Birth control pills are probably one of the most well-known forms of birth control that we prescribe in the office. It is a highly effective form of birth control, but it requires motivation on the part of the user to take the pills correctly.
Birth control pills come in a pack. It can be a round pack or a square pack, and it usually comes with about 28 pills. Depending on the formula, some of the pills are active and some of the pills are not active. You'll need to review that with your doctor to make sure that you are taking the pills correctly. You take one pill every day, at the same time every day. Towards the end of the pack, you may have what's called placebo pills or fake pills. Those placebo or fake pills will be the interval that you'll have your period. Again, there are many different formulations of the birth control pills. Depending on where the placebo pills are, you will notice that you will get your period around that time.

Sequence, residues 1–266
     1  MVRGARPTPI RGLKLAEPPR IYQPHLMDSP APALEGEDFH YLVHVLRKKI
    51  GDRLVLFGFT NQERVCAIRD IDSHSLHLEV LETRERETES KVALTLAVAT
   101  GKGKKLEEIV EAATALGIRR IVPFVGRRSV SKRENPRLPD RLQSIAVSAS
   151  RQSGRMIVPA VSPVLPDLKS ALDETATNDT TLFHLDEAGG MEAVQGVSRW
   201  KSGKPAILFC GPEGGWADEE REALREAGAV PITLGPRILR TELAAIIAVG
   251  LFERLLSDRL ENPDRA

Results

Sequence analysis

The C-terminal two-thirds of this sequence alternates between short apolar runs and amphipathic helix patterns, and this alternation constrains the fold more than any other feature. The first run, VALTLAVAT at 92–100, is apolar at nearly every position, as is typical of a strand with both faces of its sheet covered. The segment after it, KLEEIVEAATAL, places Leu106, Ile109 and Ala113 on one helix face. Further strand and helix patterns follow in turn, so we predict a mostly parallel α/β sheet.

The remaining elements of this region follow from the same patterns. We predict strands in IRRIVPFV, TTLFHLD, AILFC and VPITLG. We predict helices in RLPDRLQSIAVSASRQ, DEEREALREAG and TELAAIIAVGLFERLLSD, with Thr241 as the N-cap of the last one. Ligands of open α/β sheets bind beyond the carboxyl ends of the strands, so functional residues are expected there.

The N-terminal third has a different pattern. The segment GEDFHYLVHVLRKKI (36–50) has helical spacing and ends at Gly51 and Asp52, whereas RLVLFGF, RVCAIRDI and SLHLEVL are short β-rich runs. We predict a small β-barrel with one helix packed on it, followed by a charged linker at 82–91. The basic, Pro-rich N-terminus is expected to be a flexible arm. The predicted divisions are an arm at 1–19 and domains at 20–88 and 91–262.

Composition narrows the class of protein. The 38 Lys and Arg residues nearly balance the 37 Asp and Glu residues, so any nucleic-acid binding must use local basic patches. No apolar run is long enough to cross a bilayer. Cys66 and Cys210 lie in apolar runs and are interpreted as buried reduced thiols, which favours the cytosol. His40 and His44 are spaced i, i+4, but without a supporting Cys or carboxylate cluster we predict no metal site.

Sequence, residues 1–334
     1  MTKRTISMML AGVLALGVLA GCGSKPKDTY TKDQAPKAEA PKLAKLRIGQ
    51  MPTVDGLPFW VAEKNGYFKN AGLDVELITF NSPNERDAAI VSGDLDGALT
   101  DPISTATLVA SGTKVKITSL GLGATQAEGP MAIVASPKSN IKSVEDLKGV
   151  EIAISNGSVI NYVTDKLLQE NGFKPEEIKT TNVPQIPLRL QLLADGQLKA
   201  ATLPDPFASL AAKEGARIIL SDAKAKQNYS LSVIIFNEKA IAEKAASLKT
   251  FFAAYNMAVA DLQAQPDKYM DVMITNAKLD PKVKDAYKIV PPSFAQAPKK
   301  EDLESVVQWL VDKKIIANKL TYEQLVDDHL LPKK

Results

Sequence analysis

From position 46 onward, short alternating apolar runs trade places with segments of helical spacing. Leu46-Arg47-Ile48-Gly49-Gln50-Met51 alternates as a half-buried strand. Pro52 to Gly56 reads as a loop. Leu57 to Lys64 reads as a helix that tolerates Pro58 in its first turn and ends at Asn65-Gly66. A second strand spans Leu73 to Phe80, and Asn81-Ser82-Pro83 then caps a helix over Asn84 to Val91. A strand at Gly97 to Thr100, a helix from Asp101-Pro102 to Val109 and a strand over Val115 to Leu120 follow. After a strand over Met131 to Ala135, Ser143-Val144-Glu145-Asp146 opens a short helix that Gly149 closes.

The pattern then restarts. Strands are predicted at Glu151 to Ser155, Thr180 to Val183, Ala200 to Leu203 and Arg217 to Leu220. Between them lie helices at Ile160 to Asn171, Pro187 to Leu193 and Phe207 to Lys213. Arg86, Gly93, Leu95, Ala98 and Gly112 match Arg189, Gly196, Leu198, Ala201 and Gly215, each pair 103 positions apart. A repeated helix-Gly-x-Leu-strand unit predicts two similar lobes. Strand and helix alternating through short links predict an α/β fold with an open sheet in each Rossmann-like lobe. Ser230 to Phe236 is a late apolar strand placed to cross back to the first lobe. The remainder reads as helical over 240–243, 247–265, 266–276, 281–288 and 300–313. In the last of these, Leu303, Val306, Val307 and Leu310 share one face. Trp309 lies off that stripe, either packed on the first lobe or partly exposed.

You may notice that your pill pack only has 3 weeks worth of pills or 21 pills. If that's the case, it may be that instead of having placebo pills or sugar pills or fake pills, depending on who you speak to, you may not take any pills at all for one week. That leaves a lot of responsibility on you as the user to know exactly when you stop the hormone pills and when you start the new pack of pills. This may be a little tricky, but once you get used to using the pills on a regular basis, this will no longer be an issue.
If you have any questions about the way your pills are formulated, if you're concerned about where your fake pills are, whether you have enough hormone pills in your pack, or whether or not you have placebo pills, bring your pills with you to an appointment with your practitioner or your doctor, and they will help you figure out how to take the birth control pills correctly.